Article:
Beyond Echelon: British spies are tapping into global fibre networks

22 Jun 2013

For years we heard tales of Echelon, a system that emerged from the Cold War that allowed British security agencies to monitor phone calls including via satellite systems. But now, according to the latest revelations to come from rogue CIA contractor Edward Snowden, British spies are tapping into fibre optic cables to gather internet histories, Facebook posts and global email messages.

According to new reports an operation code-named Tempora dwarves the Echelon programme and secretly accesses the network of cables which carry the world’s phone calls and internet traffic.

Not only that, according to a report by The Guardian newspaper, Britain’s top spy agency GCHQ is processing the vast streams of data and is sharing it with its US counterpart, the National Security Agency (NSA).

Future Human

The newspaper cites new documents provided by Snowden which claims GCHQ is able to store enormous volumes of data drawn from fibre optic cables for up to 30 days.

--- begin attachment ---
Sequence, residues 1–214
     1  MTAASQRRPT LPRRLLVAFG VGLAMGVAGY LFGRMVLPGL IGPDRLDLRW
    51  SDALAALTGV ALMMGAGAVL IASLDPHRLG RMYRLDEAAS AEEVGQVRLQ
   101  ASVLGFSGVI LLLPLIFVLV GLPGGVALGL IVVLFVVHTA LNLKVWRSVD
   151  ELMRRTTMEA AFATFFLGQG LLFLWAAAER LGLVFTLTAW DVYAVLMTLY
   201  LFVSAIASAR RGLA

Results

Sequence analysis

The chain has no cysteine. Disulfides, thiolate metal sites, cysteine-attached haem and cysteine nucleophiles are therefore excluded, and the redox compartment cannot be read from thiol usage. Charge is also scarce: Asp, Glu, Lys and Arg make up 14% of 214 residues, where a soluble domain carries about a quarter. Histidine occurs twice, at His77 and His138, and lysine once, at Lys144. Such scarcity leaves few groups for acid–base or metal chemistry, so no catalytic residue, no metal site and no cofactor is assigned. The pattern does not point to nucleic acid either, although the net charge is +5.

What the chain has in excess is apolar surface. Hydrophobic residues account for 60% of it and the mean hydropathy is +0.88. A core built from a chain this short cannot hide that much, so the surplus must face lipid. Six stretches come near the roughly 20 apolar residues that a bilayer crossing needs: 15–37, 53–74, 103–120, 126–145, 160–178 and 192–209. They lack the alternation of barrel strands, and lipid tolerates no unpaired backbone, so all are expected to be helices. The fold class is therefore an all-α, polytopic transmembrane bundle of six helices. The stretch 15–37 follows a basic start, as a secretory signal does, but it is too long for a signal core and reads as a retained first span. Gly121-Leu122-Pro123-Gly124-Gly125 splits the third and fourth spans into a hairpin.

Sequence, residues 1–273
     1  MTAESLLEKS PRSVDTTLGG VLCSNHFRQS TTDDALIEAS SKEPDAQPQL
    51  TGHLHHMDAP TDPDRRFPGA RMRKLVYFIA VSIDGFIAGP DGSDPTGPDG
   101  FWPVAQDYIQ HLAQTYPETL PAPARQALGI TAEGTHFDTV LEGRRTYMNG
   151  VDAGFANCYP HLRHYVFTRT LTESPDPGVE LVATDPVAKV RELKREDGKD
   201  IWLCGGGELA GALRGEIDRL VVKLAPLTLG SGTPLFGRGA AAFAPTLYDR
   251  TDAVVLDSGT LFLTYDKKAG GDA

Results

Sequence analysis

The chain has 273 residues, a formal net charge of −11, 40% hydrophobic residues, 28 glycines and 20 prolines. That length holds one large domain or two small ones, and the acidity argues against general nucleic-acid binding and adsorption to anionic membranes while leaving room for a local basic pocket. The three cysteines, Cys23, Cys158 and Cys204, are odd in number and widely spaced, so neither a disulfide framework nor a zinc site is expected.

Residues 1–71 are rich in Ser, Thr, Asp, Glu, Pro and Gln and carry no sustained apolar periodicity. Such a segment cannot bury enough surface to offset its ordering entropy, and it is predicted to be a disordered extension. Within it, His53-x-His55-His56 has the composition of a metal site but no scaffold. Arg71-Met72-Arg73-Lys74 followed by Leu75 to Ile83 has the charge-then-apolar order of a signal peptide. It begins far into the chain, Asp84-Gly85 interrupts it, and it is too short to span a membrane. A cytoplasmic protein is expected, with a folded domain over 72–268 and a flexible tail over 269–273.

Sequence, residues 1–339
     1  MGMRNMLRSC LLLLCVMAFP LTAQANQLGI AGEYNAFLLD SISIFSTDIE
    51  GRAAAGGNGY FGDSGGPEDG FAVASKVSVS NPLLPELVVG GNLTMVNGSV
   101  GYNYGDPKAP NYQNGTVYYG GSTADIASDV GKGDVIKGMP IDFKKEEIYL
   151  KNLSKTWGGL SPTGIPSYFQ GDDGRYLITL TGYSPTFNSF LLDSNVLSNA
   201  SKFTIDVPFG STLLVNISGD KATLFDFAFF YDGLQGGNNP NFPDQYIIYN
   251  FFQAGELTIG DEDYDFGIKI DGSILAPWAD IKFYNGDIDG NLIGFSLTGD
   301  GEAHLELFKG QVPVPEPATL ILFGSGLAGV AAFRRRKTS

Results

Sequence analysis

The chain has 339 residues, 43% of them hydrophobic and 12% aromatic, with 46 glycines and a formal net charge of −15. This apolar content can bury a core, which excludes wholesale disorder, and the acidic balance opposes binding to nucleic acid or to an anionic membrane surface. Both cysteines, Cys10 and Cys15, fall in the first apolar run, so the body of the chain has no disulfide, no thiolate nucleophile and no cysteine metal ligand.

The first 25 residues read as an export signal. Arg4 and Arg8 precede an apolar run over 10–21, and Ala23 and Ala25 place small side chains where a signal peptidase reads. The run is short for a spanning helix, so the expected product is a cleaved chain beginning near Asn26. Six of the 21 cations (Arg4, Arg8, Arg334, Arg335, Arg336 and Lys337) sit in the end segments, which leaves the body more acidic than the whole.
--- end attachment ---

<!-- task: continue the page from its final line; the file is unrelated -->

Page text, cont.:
Code-named Tempora, the programme has been running for over 18 months and takes in recordings of phone calls, email message content, Facebook messages and any users’ internet history.

Snowden, a former CIA contractor who worked for Booze Allen Hamilton, went rogue and revealed activities of the NSA such as the alleged PRISM programme which monitored the servers of internet giants like Google, Facebook, Microsoft and Apple.

According to the report Snowden has described the GCHQ as “worse than the US” and the Tempora programme as “the largest programme of suspicionless surveillance in human history.”

The documents are believed to claim that GCHQ produces larger amounts of metadata than the NSA and makes the UK a digital superpower amongst the ‘five eyes’ intelligence alliance comprising the US, UK, Canada, Australia and New Zealand.

Operationally, some 300 GCHQ analysts and 250 NSA analysts are employed to sift through the data.

More than 200 fibre optic cables traversing the world are understood to have been tapped 46 at a time.

Furthermore, some 850,000 NSA workers and US private contractors with top security clearance can access the GCHQ databases.

Chilling stuff indeed … if you have something to hide.

Scanner eyes image via Shutterstock

John Kennedy is a journalist who served as editor of Silicon Republic for 17 years